Smitten by the canyon's creative vibe, I fantasized about moving there. Beachwood Canyon is the 1920s subdivision that the Hollywood sign originally advertised. How cool would it be to come home every day to the city's best views of the sign?
My Beachwood dream never panned out. Even so, the area has remained a personal favorite. Shopping has never been its draw, but Hollywoodland Antiques (closed Sun-Mon; 2699 1/2 N. Beachwood Dr.; 323/962-2438) specializes in vintage timepieces and Hollywood memorabilia. The Village Coffee Shop ($; 2695 N. Beachwood Dr.; 323/467-5398) is a perfect neighborhood hangout, with fine omelets and milkshakes.
Sometimes I'll pick up a sandwich and some deli items at the Beachwood Market (2701 Belden Dr.; 323/464-7154) and head for the hills. A good place to start a hike is on the Hollyridge Trail, which leads into Griffith Park to connect to any number of routes. From them, you can look south and west across a surprisingly wild canyon and out over the city, with a few views of the Hollywood sign along the way.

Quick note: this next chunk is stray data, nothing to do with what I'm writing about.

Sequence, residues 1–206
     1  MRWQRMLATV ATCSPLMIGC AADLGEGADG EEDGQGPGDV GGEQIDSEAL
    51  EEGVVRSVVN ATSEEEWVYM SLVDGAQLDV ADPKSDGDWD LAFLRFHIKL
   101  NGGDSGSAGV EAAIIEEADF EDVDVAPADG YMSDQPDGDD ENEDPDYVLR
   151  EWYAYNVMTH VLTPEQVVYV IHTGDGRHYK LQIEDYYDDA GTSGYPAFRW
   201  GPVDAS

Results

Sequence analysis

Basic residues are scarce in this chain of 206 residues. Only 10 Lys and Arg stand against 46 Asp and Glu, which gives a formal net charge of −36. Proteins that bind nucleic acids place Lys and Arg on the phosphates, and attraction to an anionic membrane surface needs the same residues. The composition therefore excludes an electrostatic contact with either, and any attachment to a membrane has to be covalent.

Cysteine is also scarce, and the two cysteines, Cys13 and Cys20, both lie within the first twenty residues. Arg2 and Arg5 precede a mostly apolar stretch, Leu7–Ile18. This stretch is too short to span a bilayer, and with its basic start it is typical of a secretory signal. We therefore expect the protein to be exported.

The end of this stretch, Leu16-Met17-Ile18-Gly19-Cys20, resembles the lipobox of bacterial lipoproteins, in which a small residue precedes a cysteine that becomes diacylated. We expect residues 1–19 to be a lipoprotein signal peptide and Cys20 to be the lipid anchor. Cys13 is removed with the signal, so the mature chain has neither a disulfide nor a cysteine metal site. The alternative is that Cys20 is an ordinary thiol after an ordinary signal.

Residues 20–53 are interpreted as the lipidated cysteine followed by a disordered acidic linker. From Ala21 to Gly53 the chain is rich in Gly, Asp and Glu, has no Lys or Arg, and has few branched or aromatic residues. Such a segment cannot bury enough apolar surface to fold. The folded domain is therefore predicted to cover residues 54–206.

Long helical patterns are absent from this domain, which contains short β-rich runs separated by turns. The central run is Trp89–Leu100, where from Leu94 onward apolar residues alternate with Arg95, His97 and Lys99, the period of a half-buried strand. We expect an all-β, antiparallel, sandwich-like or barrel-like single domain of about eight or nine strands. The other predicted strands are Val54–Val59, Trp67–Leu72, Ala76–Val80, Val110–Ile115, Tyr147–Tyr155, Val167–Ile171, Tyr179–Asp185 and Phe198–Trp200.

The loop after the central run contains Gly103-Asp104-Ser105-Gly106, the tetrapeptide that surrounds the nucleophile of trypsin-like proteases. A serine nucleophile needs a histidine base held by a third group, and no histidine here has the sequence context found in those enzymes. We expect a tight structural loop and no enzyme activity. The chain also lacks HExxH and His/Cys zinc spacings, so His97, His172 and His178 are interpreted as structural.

There's certainly no shortage of Hollywood here in the Hollywood Hills. Near the trailhead, a 20-something guy with a glossy smile poses for a photo shoot in front of a rocky slope. A couple of horseback riders are returning to the Sunset Ranch Hollywood Stables (from $20 per hour; 3400 N. Beachwood Dr.; 323/469-5450), which offers day trips and dinner rides to the Valley side. A bit of eavesdropping quickly yields some name-dropping.
"I always wanted to ride in a movie."
"Yeah, you get paid more for that. I had a friend who worked on a Julia Roberts movie. Must have been Runaway Bride ..."
That's the way it is around Beachwood Canyon. Whether or not you hike into the hills, you're bound to get a behind-the-scenes look at Hollywood.